Background/Question/Methods In the Madrean sky islands of the México-United States borderlands, restoration of fire-adapted ecosystems has the potential to contribute to multiple goals including protecting shared water resources, enhancing transboundary wildlife corridors, and creating and maintaining the flow and connectivity of ecosystem services. Our research investigates contemporary fire regimes of the Madrean sky islands and their relationship to climate conditions, human activities, and land management. To help inform regional, cross-boundary fire restoration planning, we analyzed 32-years of binational wildfire data (1985-2017) and evaluated variation in fire frequency and severity relative to historical fire regime characteristics derived from fire history literature. We assessed fire regime characteristics of nine major biotic communities and evaluated patterns across a range of land tenure classes and major climate gradients as represented by principal components (PC) analysis of twenty bioclimatic variables. The climate space provided a template for visualizing and comparing the distribution of fire regime characteristics in relation to vegetation types, and land ownership and tenure classes.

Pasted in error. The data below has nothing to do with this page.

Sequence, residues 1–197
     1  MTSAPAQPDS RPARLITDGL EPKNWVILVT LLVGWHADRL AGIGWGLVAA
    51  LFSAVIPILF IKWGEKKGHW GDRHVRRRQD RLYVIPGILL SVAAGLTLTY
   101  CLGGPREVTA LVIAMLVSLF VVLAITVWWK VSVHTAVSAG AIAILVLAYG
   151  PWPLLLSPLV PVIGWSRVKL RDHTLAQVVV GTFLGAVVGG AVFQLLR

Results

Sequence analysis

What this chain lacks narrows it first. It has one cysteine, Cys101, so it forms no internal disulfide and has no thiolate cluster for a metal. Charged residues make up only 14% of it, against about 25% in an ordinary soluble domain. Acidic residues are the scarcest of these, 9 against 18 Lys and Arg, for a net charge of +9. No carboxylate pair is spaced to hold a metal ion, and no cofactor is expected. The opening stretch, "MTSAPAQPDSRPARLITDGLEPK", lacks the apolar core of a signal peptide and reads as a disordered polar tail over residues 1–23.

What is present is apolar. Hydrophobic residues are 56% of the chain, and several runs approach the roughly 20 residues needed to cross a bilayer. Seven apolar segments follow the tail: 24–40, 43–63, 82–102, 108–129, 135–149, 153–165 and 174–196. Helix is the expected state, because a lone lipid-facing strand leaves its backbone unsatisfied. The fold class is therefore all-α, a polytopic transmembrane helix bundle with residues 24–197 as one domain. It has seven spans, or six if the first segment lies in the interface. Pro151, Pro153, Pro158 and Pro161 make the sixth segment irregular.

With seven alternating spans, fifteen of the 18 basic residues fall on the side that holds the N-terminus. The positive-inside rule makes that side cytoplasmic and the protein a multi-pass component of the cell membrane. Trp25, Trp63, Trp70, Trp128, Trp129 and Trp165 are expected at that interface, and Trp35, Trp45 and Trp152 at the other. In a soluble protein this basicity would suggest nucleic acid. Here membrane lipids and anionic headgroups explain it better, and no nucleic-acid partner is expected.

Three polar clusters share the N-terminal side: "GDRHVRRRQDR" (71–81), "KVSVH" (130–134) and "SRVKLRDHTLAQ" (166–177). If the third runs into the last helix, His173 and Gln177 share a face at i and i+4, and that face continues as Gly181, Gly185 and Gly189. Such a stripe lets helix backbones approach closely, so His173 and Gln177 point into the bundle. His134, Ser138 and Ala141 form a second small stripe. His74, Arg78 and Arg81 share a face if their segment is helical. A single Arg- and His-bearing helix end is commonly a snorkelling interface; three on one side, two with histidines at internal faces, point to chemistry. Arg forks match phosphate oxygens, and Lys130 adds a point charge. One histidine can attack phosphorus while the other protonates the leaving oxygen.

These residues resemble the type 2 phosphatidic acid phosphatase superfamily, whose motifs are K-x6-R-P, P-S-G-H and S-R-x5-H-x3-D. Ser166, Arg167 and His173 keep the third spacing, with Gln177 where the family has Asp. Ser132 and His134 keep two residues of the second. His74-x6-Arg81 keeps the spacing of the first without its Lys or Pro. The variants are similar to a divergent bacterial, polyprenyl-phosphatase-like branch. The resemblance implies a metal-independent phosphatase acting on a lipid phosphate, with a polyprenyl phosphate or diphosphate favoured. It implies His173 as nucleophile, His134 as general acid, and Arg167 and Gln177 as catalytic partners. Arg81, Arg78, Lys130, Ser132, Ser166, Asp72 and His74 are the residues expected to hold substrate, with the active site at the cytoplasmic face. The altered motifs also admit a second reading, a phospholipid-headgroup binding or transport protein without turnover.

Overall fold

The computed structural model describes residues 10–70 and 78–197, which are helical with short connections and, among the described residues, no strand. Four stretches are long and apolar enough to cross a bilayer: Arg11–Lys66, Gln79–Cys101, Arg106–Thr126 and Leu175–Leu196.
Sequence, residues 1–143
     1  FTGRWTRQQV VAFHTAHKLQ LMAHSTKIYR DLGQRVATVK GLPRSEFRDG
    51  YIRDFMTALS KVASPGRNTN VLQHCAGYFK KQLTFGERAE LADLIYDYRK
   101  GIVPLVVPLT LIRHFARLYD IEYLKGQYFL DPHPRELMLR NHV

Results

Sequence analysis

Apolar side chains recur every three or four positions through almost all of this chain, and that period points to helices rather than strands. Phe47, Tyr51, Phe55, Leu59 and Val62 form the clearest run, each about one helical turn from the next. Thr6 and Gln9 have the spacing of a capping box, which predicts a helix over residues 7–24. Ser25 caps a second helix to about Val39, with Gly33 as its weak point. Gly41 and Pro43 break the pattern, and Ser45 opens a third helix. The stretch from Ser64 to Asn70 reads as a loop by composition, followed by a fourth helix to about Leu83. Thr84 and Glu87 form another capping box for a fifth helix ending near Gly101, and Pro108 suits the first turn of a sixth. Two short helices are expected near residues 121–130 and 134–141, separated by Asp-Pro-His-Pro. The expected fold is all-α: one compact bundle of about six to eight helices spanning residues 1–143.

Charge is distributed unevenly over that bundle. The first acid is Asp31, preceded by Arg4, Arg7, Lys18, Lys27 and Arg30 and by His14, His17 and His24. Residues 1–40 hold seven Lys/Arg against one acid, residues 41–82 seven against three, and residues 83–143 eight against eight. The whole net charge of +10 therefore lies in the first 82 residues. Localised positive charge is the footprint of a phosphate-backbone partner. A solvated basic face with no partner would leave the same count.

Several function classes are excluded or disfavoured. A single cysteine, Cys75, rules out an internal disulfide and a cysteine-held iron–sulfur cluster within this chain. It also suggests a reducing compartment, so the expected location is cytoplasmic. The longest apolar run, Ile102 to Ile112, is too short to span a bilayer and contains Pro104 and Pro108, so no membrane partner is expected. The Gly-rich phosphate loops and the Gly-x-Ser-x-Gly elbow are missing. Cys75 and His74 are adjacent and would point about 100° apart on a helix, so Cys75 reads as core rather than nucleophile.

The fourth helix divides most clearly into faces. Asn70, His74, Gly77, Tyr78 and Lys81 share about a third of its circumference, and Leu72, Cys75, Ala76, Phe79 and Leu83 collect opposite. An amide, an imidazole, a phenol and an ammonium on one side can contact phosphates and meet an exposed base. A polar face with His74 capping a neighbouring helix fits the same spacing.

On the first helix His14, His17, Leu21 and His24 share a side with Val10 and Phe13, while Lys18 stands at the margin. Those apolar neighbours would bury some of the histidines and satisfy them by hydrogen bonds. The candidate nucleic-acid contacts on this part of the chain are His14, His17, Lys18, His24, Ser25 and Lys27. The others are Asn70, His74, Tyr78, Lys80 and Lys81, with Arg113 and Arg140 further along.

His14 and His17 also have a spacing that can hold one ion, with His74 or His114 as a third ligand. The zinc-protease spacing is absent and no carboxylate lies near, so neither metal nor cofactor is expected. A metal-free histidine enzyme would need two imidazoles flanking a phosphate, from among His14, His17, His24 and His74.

Results/Conclusions During the study period 335 fires burned 28% of the study area, with re-burns occurring on over 25% of the burned areas. The number of fires and burned area increased during the period, but fire frequency and acres burned were still far below historical norms. The greatest variation in fire regimes, including size, frequency, and severity was observed in places with the most diverse human activities and land uses – particularly in the mountain ranges adjacent near the international border. In both countries, composition of high severity fire was also closely related to climatic gradients. Average severity of recent fires was low despite some extreme outliers in cooler, wetter environments. Fire frequency was higher than historical in mesic Spruce-Fir forests, indicating effects of climate change that may shorten intervals for tree regeneration. In contrast, pine-oak forests in cooler and wetter environments in México burned with fire frequencies close to historical. Restoration of fire regimes will require binational cooperation aided by understanding where both the active use of fire, and indirect consequences of land management and climate change have altered the location and timing of fire. Natural protected areas, communal lands and private conservation lands will be critical to these endeavors.